Tropical and subtropical forcing of future Southern Hemisphere stationary wave changes
Stationary wave changes play a significant role in the regional climate change response in Southern Hemisphere (SH) winter. In particular, almost all CMIP5 models feature a substantial strengthening of the westerlies to the south of Australia and enhancement of the subtropical jet over the eastern Pacific in winter. In this study we investigate the mechanisms behind these changes, finding that the stationary wave response can largely be explained via reductions in the magnitude of the upper level Rossby wave source over the tropical / subtropical East Pacific. The Rossby wave source changes in this region are robust across the model ensemble and are strongly correlated with changes to low latitude circulation patterns, in particular, the projected southward migration of the Hadley cell and weakening of the Walker circulation. To confirm our mechanism of future changes, we employ a series of barotropic model experiments in which the barotropic model is given a background state identical to a particular CMIP5 model and an anomalous Rossby wave source is imposed. This simple approach is able to capture the primary features of the ensemble mean change, including the cyclonic anomaly south of Australia, and is also able to capture many of the inter-model differences. These findings will help to advance our understanding of the mechanisms underpinning SH extratropical circulation changes under climate change.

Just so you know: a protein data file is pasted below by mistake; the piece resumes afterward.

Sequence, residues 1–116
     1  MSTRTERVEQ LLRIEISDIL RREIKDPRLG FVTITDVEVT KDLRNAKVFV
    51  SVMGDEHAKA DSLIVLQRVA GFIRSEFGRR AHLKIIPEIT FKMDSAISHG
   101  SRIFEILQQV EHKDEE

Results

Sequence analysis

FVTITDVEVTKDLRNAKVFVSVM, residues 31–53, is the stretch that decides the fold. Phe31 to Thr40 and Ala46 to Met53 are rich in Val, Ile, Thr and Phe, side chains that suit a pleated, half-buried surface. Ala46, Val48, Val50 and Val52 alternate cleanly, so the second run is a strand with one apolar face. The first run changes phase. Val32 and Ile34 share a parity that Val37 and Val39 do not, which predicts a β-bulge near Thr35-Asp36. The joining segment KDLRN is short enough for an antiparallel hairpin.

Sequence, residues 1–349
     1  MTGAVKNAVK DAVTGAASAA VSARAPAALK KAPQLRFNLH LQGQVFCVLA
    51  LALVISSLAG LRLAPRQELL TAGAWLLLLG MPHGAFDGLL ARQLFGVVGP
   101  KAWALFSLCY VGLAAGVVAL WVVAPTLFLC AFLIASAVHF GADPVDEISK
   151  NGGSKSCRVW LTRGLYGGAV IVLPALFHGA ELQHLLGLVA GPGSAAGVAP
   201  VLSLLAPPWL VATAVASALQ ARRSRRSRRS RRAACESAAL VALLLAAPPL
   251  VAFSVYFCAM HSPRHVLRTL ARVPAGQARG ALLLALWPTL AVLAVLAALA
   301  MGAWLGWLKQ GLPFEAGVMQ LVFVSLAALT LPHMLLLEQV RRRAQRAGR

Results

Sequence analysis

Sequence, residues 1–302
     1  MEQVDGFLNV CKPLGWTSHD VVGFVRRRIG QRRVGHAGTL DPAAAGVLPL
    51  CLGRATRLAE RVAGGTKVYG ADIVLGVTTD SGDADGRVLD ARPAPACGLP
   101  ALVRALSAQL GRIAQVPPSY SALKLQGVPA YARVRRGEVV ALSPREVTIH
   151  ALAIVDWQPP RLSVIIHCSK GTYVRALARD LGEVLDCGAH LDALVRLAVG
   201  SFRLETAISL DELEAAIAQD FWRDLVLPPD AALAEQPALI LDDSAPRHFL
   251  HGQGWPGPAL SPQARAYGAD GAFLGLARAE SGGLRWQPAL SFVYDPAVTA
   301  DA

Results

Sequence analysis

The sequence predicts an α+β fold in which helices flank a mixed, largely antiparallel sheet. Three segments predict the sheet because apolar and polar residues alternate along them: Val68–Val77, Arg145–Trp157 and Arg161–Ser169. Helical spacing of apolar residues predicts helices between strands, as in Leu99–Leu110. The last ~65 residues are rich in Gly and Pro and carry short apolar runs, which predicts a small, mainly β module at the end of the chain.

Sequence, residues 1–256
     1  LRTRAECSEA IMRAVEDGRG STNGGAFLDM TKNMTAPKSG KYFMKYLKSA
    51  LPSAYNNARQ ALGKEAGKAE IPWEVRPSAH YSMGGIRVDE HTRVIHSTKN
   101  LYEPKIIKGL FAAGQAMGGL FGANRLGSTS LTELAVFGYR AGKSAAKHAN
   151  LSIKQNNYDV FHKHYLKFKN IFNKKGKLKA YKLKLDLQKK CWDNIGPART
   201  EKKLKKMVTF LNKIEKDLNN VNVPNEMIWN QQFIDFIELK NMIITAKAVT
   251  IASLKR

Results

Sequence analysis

Authors: Patterson, Matthew, Woollings, Tim, Bracegirdle, Thomas J. ORCID record for Thomas J. Bracegirdle